mortgage

News about the housing market and mortgage rates has been volatile lately – to say the least – and if you watch the nightly news you’re probably more than a tad confused. Have not fear though! Nathan Fitts & Team are here to walk you through the process and help you better understand the wild world of mortgages.

It seems one day housing is hot and it’s cooling the next. Rates are headed up. Then they’re headed down. For those with fresh memories of the last decade, it’s hard to decide what to believe and what makes things worse is that those who write about the business of housing seem to like words like crash and turbulence almost as much as meteorologists like a good category 4 hurricane.

Regardless, everyone needs a place to live, and it’s still better to own than to rent, so it makes sense to be prepared to pull the trigger when the real or perceived volatility turns in your favor.

So with that in mind, here are some suggestions for how you can best position yourself to apply for the best possible mortgage rates – no matter whether they’re up, down, or somewhere in the middle.

* First things first — Get yourself to a bank, a credit union or a mortgage broker and go about the business of getting pre-qualified and pre-approved. This is a fairly painless process, but it takes time to collect the needed information and you’d best count on at least two meetings to make sure you have everything neatly in place. The result of this first step will be that you’ll know how much house you can afford, including monthly payments. Try not to fall in love with house before you’ve taken step one.

* Second step (which is actually the first) – Carefully monitor your credit. Pay your bills on time and contest anything that looks odd. Get a credit card and under-use it – in other words, use it for small purchases – about 10% of your card’s limit – and pay it off every month. Also, don’t close accounts when you pay them off. Credit capacity is an important part of credit scoring.

What this all leads to is the current crunch of credit lending — mortgages these days are based on tiered pricing, which means that rates are adjusted, based on various criteria. One of the main criteria is your FICO credit score – which determines whether you qualify for the loan and what rate you’ll pay. The higher your credit score, the lower your mortgage rate.

According to myFICO.com, the best mortgage rates are available to borrowers who have credit scores of 760 or above. With some exceptions, the lowest score needed for a mortgage is 620. At today’s rates, however – a score of 620 would qualify for a rate of 5.022%, while those with a score of 760 or higher will get a lower rate of about 3.433%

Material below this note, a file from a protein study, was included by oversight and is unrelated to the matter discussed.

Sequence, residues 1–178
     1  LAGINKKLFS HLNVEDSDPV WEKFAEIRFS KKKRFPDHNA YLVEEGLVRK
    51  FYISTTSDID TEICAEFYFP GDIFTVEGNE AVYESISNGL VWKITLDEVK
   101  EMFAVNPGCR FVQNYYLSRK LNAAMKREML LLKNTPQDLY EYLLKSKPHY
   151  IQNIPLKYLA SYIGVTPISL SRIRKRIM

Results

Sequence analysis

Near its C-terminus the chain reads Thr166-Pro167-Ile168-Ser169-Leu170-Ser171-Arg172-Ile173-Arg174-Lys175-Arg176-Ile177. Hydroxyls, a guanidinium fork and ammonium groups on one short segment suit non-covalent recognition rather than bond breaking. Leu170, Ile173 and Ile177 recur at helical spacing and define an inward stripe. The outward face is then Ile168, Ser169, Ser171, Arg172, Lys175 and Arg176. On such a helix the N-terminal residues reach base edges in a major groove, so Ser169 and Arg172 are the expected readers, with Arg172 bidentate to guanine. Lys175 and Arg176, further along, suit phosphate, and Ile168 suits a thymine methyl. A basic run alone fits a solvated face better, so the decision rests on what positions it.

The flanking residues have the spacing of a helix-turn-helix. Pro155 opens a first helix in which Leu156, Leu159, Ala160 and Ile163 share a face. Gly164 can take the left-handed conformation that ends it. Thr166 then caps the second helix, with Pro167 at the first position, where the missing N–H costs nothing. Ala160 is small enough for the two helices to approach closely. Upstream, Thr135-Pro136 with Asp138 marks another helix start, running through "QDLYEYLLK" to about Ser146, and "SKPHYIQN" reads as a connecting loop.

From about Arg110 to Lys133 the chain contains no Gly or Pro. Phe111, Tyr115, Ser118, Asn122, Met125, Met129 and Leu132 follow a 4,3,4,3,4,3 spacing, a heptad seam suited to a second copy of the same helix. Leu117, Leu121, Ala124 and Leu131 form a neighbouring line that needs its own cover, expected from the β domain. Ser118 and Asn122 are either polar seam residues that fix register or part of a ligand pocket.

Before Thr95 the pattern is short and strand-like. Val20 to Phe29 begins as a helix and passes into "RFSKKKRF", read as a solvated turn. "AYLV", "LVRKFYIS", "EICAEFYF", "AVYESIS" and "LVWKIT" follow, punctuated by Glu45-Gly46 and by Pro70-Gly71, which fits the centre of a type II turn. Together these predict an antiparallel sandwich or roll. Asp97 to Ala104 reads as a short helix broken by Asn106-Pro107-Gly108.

Mortgage lenders prefer candidates that can prove steady employment for at least the past two years.

* Watch interest rates The easiest way to get a lower rate is to wait until interest rates on loans across the board are at low levels. Get a qualified lender or broker or talk with someone at your bank – and, quite simply, ask their opinion about a good time to buy. While you’re busy doing

what you do, these folks are watching the interest rates and trends, like it’s their job! You can also do it yourself at websites like bankrate.com, which provides comparisons, and Zillow.com, which provides a similar service but acts as a conduit to the lenders – you’ll need to provide your contact information a couple of pages into their website and then you can expect some calls.

* Look into special loan programs There are plenty of special loan and homebuyer assistance programs out there – you just have to take the time and do the research. A broker can help. A couple examples are:

* FHA – Federal Housing Administration – loans are available for as little as 2.5% down and this program is more forgiving of low credit scores;

* VA loans – Veterans Affairs – if you served in the military – if you qualify, you might be able to take advantage of lower or no down payments

* USDA loans – Department of Agriculture – featuring low down payments

* Homebuyer assistance programs – many are listed on the HUD – Housing and Urban Development website. One good example is the Good Neighbor Next Door program — for teachers, firefighters, and law-enforcement officers

So, it’s a great time to buy (maybe) and a great time to apply (maybe). But it’s like having kids, if you wait until all the stars are aligned, you’ll never have them.

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